Queer Eye for AI: Risks and Limitations of Artificial Intelligence for the Sexual and Gendered Community
Credit: Alejandro Ospina
Imagine you call your bank to solve a problem, but the customer service representative suddenly accuses you of fraud and threatens to freeze your bank account if you don’t invite the “real” you. Why? Because their artificial intelligence (AI) voice recognition system concluded that your voice wasn’t “manly” enough to match their recordings. This is a universal experience for transgender people, myself included, and just one of the significant risks AI poses to the LGBTQI+ community.
AI refers to computer applications that demonstrate the capabilities of human intelligence and is rapidly penetrating various aspects of our lives. However, research on the pervasive risks of AI technologies for marginalized communities and ways to mitigate those risks has not kept pace with the pace of their development. While AI can help in some areas, it can encourage human rights abuses and exacerbate discrimination against people of different sexual and gender diversity. Private companies and governments need to address these risks holistically, as soon as possible, with policies based on human rights and community participation.
Deciphering Humanity: The Limits of AI’s Identity Approach
There is a worrying proliferation of systems claiming to be able to identify LGBTQI+ people based on analysis of their facial features, voice, social connections, group memberships, customer behavior and even profile picture filters. However, the software is unable to accurately determine people’s sexual orientation and gender identity because these personal and deeply felt characteristics cannot be discerned from external factors alone, may change over time, and may not conform to Western constructions and correspond to datasets used for training AI.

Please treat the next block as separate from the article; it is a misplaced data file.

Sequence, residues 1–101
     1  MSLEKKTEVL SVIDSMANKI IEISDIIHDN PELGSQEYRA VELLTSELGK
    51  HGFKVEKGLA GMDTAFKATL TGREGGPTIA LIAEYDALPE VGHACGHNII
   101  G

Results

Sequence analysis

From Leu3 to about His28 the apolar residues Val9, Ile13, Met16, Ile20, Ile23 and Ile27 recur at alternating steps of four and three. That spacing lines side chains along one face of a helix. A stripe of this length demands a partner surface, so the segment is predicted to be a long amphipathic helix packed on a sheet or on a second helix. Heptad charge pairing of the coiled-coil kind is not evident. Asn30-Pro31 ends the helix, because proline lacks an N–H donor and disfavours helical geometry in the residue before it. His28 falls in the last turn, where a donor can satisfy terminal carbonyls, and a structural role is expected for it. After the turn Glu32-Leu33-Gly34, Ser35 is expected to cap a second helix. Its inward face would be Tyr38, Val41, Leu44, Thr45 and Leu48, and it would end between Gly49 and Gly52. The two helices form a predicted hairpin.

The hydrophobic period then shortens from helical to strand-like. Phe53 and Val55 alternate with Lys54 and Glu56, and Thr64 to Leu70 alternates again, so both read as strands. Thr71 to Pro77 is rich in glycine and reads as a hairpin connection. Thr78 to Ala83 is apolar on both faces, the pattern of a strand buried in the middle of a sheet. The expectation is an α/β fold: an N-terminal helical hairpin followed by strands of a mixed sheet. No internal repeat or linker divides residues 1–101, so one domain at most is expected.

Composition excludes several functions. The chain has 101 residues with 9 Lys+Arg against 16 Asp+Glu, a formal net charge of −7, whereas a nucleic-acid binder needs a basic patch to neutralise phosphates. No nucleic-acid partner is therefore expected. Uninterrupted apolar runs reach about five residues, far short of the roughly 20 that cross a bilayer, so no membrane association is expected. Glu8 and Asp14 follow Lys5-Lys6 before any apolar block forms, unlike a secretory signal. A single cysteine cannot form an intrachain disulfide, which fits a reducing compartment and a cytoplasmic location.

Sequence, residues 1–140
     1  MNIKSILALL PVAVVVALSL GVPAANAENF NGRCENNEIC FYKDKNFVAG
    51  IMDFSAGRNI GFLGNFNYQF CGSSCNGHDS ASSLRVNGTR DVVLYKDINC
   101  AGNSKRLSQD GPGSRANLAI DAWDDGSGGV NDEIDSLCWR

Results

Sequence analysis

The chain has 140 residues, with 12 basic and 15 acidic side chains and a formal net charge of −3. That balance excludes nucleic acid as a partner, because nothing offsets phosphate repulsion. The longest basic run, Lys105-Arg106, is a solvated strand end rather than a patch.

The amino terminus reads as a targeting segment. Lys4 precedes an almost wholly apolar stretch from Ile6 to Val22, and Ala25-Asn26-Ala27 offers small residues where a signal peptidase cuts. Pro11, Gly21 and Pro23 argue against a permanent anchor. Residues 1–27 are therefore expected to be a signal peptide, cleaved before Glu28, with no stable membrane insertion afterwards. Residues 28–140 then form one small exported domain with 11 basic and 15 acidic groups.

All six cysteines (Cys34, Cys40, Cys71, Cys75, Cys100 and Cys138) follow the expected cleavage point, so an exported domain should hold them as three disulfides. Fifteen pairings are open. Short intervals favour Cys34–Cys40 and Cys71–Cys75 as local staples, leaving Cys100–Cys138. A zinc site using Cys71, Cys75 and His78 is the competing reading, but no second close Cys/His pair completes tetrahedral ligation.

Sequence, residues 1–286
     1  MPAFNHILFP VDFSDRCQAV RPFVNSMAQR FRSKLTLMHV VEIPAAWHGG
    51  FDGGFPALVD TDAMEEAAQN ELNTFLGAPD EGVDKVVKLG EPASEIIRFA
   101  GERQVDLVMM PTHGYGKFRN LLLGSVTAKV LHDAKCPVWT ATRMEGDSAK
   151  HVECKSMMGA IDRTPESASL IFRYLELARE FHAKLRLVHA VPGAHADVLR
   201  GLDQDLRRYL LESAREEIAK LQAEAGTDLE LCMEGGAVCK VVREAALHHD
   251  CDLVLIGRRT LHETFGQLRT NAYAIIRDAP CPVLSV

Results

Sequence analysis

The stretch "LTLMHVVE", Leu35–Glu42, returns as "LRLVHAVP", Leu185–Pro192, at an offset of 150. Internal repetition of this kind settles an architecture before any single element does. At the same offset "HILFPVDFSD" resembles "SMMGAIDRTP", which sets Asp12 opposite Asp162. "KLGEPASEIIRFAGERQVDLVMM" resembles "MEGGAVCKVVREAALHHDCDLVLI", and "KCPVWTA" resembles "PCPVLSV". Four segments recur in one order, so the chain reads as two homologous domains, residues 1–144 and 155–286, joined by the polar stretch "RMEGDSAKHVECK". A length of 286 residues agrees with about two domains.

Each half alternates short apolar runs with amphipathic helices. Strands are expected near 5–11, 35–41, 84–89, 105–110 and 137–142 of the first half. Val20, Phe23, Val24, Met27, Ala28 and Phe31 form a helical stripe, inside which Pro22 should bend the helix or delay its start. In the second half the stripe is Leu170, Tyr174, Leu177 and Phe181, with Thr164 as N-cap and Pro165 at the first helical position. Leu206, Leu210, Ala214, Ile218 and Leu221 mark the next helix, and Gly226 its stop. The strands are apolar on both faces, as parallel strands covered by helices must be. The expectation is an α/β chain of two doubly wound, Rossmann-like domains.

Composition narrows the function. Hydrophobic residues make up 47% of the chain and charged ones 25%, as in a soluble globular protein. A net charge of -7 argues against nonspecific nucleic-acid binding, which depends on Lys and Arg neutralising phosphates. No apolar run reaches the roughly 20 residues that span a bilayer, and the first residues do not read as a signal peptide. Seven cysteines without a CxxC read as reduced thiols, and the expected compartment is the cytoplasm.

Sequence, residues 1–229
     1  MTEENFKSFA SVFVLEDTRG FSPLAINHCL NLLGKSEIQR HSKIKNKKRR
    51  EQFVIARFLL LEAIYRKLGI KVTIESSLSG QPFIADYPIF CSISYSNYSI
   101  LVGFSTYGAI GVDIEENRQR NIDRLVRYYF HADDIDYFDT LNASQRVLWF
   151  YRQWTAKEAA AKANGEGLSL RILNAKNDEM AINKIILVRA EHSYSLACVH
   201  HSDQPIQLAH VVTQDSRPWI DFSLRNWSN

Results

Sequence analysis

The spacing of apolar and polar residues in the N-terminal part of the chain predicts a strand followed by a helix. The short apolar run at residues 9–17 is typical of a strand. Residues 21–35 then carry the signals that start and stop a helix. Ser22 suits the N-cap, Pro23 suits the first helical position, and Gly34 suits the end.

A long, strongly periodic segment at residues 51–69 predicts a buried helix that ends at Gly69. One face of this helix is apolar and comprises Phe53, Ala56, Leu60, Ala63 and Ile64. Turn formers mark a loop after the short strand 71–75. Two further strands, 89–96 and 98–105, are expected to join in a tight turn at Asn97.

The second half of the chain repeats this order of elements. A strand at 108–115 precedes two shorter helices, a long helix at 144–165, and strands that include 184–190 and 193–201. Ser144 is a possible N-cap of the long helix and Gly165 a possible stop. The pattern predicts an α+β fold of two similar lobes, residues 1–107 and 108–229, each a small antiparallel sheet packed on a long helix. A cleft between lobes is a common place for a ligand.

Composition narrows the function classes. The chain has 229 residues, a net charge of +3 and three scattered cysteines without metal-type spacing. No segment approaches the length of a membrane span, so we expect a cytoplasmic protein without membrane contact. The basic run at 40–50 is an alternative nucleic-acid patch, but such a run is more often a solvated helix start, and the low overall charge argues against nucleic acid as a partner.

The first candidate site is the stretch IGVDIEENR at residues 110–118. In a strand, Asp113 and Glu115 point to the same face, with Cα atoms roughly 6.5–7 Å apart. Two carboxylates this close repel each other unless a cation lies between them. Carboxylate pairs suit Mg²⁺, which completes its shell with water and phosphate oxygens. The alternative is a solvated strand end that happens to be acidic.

For example, since the datasets often mix gender identity and sex characteristics, AI inevitably fails on transgender people. The costs of gender identification errors can range from having a profile blocked on a dating app, to misrepresenting transgender people, to having their bank accounts blocked and invasive airport security checks.
In addition, automated gender classification systems can fail intersex people whose sex characteristics do not match society’s expectations of male or female bodies. For example, AI algorithms trained on endosex human datasets, such as B. Menstrual tracking or self-diagnosis apps, AI-based prenatal testing and screening, and AI-powered targeted commercials that promote harmful medical interventions, may provide intersex people and their parents with inappropriate or biased information, and contribute to ill-informed medical decisions and their irreversible consequences.
Additionally, the commercial datasets used to train AI reinforce unrealistic stereotypes about LGBTQI+ people as people who look a certain way, buy certain products, are safe to disclose their sexual orientation online, and want to spend time on social media. Improving technology will not alleviate these problems, as people can take on any appearance and behavior regardless of their sexual orientation or gender identity.
Even with successful identification, AI can still cause damage. For example, AI-driven advertising or public health information can refer a child to a homophobic family on a shared computer, or identify vulnerable adults for conversion practices.